Events in the United States during the 1950s, '60s, and '70s created tectonic shifts in how the police operated. This was especially true in terms of their relationship with society. These events included, among others: the due process revolution, which guided how police were to do their job; social science research that called into question that efficacy of the professional policing model; and race riots against police activity, which were the result of poor police-minority community relations. This book outlines these (and other) changes, explores their implications for the relationship between society and the police, and suggests that a knowledge of these changes is imperative to understanding trends in contemporary policing as well as the direction policing needs to take. As policing becomes more technologically savvy and scientific in its approach to fighting crime (for example, the SMART Policing Initiative, COMPSTAT, and problem oriented approaches such as Project Safe Neighborhoods) in a time when governments are faced with austerity, it is important to reconsider how policing got to the point it is so that, as police and governments move forward, constitutional guarantees are protected, communication with citizens remains viable and salient, and crime prevention becomes an empirical reality rather than a pipe-dream.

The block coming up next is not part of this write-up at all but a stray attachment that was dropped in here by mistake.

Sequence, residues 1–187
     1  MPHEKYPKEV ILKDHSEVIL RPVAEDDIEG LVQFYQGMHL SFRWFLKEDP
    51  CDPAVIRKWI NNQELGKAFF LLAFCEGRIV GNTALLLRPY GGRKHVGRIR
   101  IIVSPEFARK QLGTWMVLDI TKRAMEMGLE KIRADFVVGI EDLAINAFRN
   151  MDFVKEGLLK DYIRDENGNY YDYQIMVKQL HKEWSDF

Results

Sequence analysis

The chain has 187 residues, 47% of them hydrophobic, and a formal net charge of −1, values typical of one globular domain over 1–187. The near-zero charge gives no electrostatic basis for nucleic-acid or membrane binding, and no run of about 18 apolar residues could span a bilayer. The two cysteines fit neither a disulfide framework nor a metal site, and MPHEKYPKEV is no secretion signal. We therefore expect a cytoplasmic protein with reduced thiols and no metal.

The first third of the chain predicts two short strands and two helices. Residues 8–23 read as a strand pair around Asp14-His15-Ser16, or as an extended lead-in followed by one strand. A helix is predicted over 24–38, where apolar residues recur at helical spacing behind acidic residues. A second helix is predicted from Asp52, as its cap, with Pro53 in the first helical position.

Jonathon A. Cooper is assistant professor of criminology and criminal justice at Indiana University of Pennsylvania, where he also directs the Criminology Advising Center.
1. Introduction 2. A Primer on the History of American Policing 3. The Due Process Revolution and the Warren Court 4. Civil Rights and the Police 5. A Due Process Approach in the Face of Police Conservatism 6. The Systems Approach to Criminal Justice 7. Social Science Research 8. A Rising Crime Rate and Police Corruption 9. What Professional Policing Then Means for 21st Century Policing Now